If (or when) your portfolio takes an unexpected dive in value, will you be able to hold on? Selling in the midst of economic distress usually results in loss, conversely time tends to heal all wounds in the markets. It is important as an investor that you are able to hang on when its necessary.
Banks are Risky:
“…deposit insurance tends to be detrimental to bank stability. The U.S. Savings & Loan crisis of the 1980s has been widely attributed to the moral hazard created by a combination of generous deposit insurance, financial liberalization, and regulatory failure…Thus, according to economic theory, while deposit insurance may increase bank stability by reducing self-fulfilling or information-driven depositor runs, it may decrease bank stability by encouraging risk-taking on the part of banks.”
World Bank Development Group
We somehow believe that banks are a safe haven. The truth is that there have been many bank failures in recent years.
The safety comes not from the bank itself, but from the FDIC which is a government agency that backs depositors’ money under certain stipulations. Because the banks know that they have this governmental backstop, many of them engage in risky behavior which in some cases like SVB has resulted in disaster. The graphic below illustrates just some recent bank failures.
Personal Principle: Do you know what the financial strength of your bank is? Do you have accounts that exceed the FDIC insured threshold amount? My opinion is that the local credit unions, are the better option in many cases, although of course you want to check their stability as well.
An Experiment: I did an experiment a few years ago. I went to the local branch of our bank, a prominent national bank, and asked to meet with our business banker. We have been banking there for years, and tend to keep a healthy balance as our payroll, rent and other expenses are paid from our business accounts there. I got the valued customer welcome and handshake from the fellow, who asked me how he could help. The smile melted off his face when I asked him if I could make a withdrawal of $100,000… in cash. He deflected and delayed a little, and said that he did not think that was possible right now. I looked around the lobby, which was empty, and told him I was in no hurry and would come back in a couple of hours if that was better for him. He then told me that he did not think it was possible today, and would have to talk to the manager, and it might take several days. I pointed at the giant vault that was a prominent part of the lobby and said surely you must have more than that in the vault. He would not answer me directly, but I left wondering if they even had that much money on the premise. To be fair, I did not actually plan to go ahead with the withdrawal. The experiment was part of my own personal financial stress test for liquidity.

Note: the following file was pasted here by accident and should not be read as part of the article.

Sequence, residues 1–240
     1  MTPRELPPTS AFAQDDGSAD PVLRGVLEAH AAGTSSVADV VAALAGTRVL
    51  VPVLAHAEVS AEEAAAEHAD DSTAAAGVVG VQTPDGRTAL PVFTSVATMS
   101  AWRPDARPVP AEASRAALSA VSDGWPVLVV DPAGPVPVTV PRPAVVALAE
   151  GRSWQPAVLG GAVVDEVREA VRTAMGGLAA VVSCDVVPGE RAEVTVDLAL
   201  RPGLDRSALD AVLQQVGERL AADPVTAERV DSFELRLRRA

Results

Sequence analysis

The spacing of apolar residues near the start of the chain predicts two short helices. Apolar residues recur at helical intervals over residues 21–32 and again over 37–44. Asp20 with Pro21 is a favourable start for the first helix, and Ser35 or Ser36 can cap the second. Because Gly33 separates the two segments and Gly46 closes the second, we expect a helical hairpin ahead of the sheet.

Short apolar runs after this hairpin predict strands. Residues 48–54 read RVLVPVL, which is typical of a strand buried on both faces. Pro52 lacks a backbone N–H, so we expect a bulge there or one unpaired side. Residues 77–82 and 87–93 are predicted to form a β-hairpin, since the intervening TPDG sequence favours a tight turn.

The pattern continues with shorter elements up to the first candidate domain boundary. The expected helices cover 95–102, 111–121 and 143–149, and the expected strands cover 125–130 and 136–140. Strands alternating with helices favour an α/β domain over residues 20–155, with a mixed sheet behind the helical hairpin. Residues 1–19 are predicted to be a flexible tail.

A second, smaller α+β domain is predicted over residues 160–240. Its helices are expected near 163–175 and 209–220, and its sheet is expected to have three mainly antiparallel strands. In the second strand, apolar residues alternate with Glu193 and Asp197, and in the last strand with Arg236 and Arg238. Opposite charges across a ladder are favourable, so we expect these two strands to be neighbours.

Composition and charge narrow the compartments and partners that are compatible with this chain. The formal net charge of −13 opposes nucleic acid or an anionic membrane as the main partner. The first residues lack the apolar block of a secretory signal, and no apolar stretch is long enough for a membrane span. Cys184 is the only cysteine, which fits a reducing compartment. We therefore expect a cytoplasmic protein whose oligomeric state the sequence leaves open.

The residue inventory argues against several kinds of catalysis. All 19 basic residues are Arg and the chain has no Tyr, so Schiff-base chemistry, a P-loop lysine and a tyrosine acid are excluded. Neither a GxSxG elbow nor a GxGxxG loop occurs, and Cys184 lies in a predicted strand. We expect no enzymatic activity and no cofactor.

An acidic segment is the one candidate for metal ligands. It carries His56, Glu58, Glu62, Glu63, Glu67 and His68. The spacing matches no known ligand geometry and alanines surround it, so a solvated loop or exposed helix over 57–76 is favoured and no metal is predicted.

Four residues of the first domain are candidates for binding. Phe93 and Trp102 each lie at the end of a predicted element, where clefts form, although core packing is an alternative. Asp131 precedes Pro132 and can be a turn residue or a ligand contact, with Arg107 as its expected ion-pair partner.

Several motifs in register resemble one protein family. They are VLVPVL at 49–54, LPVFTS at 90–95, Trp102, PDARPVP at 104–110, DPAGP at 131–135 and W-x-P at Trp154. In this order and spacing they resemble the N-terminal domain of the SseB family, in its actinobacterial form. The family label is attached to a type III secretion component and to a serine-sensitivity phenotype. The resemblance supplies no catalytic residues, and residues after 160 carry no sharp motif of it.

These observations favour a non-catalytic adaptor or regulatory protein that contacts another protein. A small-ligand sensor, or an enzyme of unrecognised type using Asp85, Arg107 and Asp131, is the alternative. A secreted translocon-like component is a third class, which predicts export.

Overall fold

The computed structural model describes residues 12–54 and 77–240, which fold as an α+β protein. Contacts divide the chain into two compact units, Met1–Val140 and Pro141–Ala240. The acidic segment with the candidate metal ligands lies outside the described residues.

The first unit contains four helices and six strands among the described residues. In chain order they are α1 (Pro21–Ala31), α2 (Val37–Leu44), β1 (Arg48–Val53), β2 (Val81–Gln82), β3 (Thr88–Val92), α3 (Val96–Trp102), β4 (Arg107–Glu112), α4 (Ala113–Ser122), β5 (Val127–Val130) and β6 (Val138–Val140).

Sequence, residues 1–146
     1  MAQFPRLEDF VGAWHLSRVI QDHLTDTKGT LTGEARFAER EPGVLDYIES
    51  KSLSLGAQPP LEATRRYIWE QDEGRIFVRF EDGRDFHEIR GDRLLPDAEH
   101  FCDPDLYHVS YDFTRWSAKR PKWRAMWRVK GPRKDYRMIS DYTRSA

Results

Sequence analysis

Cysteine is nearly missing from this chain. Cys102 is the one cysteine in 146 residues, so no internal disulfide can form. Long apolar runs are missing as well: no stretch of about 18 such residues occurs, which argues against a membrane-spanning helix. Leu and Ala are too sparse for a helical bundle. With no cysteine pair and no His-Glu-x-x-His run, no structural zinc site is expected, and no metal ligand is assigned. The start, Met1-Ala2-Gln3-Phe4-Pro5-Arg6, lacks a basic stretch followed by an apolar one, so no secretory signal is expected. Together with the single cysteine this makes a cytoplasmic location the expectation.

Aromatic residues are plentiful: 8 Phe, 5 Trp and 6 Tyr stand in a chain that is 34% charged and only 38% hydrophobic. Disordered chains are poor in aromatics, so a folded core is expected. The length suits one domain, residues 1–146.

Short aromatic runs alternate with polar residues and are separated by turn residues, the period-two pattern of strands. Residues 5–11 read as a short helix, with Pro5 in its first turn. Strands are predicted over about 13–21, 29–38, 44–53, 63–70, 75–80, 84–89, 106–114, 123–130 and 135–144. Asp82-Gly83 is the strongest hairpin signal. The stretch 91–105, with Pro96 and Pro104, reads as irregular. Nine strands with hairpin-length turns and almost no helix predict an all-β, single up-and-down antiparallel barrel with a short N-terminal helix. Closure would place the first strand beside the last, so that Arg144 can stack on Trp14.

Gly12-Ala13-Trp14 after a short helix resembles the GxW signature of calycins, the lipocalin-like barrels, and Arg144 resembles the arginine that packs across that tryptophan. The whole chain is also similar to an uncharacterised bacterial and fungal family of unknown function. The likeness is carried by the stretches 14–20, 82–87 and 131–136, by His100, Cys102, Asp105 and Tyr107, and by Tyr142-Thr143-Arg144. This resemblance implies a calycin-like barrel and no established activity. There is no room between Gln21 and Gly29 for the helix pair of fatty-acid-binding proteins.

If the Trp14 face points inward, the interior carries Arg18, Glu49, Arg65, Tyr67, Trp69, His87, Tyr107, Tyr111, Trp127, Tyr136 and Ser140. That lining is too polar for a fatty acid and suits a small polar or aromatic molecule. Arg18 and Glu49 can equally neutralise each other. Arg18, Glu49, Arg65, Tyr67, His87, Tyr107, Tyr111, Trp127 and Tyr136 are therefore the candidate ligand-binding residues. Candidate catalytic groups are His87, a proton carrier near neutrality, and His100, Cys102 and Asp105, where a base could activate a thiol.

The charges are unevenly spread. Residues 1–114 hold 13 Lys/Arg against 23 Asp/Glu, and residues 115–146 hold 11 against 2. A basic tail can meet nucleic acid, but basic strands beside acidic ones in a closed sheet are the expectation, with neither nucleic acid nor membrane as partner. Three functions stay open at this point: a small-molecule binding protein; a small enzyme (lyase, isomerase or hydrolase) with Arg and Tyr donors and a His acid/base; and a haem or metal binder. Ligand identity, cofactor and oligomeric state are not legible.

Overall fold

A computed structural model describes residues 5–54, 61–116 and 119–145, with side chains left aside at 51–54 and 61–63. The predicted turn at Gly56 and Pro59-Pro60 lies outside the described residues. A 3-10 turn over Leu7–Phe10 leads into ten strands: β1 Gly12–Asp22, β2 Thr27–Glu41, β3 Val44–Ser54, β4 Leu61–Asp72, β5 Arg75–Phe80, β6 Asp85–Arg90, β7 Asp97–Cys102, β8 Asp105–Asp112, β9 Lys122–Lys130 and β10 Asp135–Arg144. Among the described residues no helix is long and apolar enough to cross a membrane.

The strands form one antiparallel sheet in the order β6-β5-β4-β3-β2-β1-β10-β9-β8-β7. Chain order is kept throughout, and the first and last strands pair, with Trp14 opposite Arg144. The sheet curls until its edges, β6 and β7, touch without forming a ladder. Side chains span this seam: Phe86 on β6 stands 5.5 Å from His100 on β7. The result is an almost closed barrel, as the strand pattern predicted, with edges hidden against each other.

To put this story in context, the branch is located in Issaquah, a very prosperous suburb of Seattle. Some of the wealthiest families in the state live within a couple of miles radius. It is astonishing that a bank that serves so many affluent families apparently does not even have a relatively small amount of physical cash on the premises.
Test your own personal liquidity sources and needs. How will you access capital in a worst-case scenario?
Go through a Robust Income Plan exercise as a stress test for your finances.
Understand your portfolio risk; how might it behave during high inflation? Rising rates? Financial crisis? And have a plan in place to for how you will deal with a major market event.
Evaluate your bank’s financial stability – how are they doing? Are your accounts inside the FDIC insured threshold?
Do you need or want to keep physical cash on hand? How much, and how will you get it?
The Silicon Valley Bank story is a tragedy, and there may be more repercussions and failures in the days to come. There will be detailed analysis of how and why this disaster happened. My hope is that we will learn our lesson as a country, and in the future, take steps to avoid what seemed like an avoidable disaster. Our team’s encouragement for you is to take pro-active steps to try and improve your liquidity, understand your risk, and keep your banking relationships with the sound and strong ones.
We will be watching closely as this saga unfolds. The team is available if you have any questions.